New Dashboard Charts National EdTech Inequity

By Derek Newton
Reposted from Forbes, with permission.

The $1.9 trillion America Rescue Plan allocates an estimated $122 billion to K-12 schools in part to “address the disruptions to teaching and learning resulting from the pandemic” and/or for “supporting educators in the effective use of technology.”

That’s good. And it’s potentially a problem.

The good is obvious – spending money to improve educational resources and education access, especially now.

The potential pitfall is that no one really knows what the “disruptions to teaching and learning” have been. Or, for that matter, what “the effective use of technology” looks like. Anyone may be able to guess, but when it comes to knowing what those are, where they are – we are all just guessing.

Three recent quotes highlight the lack of light on education technology.

Taylor Kutz reads a book during story time through her laptop
West Reading, PA – April 22: Taylor Kutz reads the book Ruby’s Birds written by Mya Thompson and illustrated by Claudia Dávila while doing story time through her laptop. During a Zoom Storytime being led by Kutztown Community Library Youth Librarian Taylor Kutz from the common room of the apartment building where she lives Thursday morning April 22, 2021. Kutz used a mobile hotspot to connect to the Zoom meeting. The library holds storytime over Zoom due to the COVID-19 pandemic. (Photo by Ben Hasty/MediaNews Group/Reading Eagle via Getty Images)

 “We are spending billions of dollars on technology with almost no information about which tools actually work, where, and why,” said Bart Epstein, CEO of the EdTech Evidence Exchange and a research associate professor at the University of Virginia School of Education and Human Development.

Keith Krueger, CEO of Consortium of School Networking (CoSN) said, “Sometimes the status quo feels like the wild west — which is why it’s critical that we equip educators with the information they need to make the right choices for their classrooms.”

“We’re in the midst of one of the largest funding events in the history of education and that requires a commitment and an understanding that if we don’t use this moment to serve all students, it’s a missed opportunity,” said Karl Rectanus, co-founder and CEO of LearnPlatform, a digital dashboard that helps teachers and school leaders track and evaluate their edtech usage in real time. “In education, we do fundamentally want to help all students succeed but we have limited visibility and a limited fact base to inform decision making,” he said.  

For example, we think we know there’s an equity gap in education technology. We think there’s a digital divide too. That’s the difference between those families and communities with potent access to broadband Internet and those without it. As mentioned, the problem has been measuring it or being able to see it in a way that’s more than a vague understanding.

That’s why it’s a big deal and a great step forward that LearnPlatform, the company Rectanus runs, today announced what it’s calling the National EdTech Equity Dashboard.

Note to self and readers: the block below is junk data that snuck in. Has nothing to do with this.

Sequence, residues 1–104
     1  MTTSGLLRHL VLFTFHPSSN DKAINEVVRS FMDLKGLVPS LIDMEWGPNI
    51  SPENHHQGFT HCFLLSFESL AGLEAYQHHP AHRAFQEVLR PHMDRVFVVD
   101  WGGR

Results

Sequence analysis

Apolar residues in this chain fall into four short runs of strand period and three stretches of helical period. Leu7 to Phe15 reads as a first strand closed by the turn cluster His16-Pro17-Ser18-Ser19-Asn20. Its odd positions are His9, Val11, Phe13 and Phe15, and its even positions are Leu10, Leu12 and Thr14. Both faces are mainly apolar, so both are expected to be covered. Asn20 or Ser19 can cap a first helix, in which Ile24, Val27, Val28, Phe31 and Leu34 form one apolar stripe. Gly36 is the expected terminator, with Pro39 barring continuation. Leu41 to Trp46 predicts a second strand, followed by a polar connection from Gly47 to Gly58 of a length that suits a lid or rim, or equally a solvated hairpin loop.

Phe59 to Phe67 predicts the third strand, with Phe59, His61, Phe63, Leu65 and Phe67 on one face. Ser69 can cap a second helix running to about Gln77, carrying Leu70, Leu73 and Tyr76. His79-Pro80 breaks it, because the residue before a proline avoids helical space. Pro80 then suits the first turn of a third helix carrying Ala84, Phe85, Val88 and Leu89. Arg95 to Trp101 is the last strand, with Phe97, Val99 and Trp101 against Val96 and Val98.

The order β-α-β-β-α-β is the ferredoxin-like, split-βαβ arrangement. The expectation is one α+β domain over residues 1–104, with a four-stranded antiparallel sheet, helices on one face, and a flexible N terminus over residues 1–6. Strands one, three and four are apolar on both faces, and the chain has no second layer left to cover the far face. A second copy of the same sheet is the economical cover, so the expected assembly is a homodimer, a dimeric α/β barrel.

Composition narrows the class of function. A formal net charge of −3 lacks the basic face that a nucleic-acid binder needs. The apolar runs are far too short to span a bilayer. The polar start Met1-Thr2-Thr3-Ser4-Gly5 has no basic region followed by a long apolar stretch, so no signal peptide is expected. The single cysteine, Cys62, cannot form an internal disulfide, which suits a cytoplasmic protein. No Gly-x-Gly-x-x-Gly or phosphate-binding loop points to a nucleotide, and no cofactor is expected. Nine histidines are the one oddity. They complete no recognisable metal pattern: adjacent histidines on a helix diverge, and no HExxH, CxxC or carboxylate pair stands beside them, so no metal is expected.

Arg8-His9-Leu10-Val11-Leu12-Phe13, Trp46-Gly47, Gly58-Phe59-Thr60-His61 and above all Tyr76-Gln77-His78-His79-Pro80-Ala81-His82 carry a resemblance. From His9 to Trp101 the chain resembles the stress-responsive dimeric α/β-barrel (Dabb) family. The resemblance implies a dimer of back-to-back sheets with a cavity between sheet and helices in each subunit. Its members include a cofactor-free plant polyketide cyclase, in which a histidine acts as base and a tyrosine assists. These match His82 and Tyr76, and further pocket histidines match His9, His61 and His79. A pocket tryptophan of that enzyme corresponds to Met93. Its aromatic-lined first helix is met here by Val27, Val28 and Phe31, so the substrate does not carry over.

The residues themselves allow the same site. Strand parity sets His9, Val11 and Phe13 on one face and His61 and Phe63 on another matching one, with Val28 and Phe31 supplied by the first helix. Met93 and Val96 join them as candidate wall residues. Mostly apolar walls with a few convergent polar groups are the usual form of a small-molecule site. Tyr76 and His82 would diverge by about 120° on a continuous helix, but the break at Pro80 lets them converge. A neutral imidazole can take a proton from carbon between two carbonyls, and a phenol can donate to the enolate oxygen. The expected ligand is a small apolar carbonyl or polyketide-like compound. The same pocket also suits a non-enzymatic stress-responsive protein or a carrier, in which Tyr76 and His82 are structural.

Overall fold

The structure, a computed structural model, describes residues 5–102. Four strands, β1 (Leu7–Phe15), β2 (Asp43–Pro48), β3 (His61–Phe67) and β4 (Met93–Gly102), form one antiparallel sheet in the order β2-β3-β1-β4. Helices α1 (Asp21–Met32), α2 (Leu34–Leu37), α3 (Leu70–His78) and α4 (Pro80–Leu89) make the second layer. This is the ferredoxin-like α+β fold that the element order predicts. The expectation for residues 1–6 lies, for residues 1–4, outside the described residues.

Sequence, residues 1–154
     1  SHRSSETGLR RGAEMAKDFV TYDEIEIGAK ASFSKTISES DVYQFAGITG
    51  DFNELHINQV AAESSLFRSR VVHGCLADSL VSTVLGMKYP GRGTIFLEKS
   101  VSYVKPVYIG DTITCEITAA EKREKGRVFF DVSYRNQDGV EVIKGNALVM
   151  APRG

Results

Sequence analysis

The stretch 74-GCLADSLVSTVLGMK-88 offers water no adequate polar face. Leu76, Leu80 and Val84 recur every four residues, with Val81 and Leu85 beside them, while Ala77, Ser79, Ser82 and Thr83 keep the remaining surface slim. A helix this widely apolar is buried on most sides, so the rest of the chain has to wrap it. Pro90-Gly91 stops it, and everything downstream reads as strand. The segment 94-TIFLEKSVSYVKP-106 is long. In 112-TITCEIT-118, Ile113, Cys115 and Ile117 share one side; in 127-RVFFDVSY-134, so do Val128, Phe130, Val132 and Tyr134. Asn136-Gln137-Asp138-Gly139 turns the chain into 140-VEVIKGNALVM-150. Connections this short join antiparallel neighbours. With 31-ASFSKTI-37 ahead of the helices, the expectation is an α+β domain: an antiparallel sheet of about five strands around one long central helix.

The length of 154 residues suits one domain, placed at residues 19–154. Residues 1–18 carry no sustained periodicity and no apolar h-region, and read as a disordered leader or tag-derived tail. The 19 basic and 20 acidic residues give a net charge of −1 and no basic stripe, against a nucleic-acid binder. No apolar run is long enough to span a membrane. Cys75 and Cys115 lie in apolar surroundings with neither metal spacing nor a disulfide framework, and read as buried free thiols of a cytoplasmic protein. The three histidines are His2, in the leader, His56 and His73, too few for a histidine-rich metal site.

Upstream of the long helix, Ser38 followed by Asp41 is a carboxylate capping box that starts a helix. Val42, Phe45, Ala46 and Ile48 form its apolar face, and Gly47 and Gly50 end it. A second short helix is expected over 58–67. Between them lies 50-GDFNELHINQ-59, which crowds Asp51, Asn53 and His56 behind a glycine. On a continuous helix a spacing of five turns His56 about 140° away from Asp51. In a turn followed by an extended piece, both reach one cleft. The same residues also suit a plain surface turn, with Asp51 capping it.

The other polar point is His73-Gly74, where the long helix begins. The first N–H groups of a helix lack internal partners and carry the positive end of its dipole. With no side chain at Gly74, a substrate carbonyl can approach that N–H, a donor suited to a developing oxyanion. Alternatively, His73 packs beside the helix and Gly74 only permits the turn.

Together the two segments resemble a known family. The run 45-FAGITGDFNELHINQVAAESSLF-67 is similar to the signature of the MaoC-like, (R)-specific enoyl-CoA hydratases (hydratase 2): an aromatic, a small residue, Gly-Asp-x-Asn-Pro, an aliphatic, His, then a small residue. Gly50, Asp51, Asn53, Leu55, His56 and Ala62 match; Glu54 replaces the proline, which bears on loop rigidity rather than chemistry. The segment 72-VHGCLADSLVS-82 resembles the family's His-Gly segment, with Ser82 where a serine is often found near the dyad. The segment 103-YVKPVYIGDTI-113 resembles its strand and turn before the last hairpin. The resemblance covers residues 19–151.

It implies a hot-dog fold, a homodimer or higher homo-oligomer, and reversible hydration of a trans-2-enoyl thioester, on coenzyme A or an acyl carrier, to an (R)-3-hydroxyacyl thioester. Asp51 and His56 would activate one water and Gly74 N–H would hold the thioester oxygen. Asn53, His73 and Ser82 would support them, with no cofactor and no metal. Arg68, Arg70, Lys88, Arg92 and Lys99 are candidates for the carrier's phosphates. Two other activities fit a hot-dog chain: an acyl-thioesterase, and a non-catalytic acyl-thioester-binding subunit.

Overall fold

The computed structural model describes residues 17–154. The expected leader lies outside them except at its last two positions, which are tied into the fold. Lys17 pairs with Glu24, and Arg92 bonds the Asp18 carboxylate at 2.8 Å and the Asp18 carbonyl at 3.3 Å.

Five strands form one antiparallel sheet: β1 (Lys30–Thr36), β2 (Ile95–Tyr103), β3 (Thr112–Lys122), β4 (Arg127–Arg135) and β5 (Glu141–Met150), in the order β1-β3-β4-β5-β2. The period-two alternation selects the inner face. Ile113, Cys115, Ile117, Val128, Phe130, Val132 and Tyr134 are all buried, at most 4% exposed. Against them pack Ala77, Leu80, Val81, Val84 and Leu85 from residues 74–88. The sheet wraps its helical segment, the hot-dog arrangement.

The new public resource calculates actual daily use of educational technology products nationally, data collected from 3.3 million teacher and student users across more than 9,000 education products culminating in an estimated 61 billion page load records. It’s not exhaustive, of course. But charting the actual daily use rates of 9,000 education technology tools in real time feels pretty comprehensive.

Frankly, I did not realize there were 9,000 edtech products, which is partly the point. We have no idea what’s out there, in the market, in use or not in use on any given day. And if we don’t even know that, it’s implausible that we’d know what is an “effective use of technology” and what isn’t.

But where this dashboard may provide real insight is that it breaks down those technology and device uses by poor and not so poor districts. It’s baked into the dashboard’s chart.

And, sure enough, as we long suspected, when you actually measure who’s using education technology, the gap is real, substantial, persistent and, in some cases, growing.

“We knew even prior to Covid that there was a digital learning equity gap with the transition to hybrid or remote learning, and we had a sense it was expanding or changing,” Rectanus said. “And now that we can plot it and show people, we see that famous K-shaped recovery where those with increased access have engaged more while those with less access have engaged with learning resources less.”

Maybe that’s not news, but having it in numbers, on a graph anyone and everyone can see is still important. You can’t start solving a problem until you can identify it. And we can’t solve digital or technology inequity unless we know where to start, where to invest the money that’s flowing in from Congress.

“If education has a shared fact base,” Rectanus said, “then we can all focus on what’s best for each and every student and not just use best guess based on data from years ago.” Or worse, base our guesses on intuition. Or worse still, base our guesses on nothing whatsoever.

We can do better. It’s great news that we may be starting to.

Originally published on Forbes on April 27, 2021.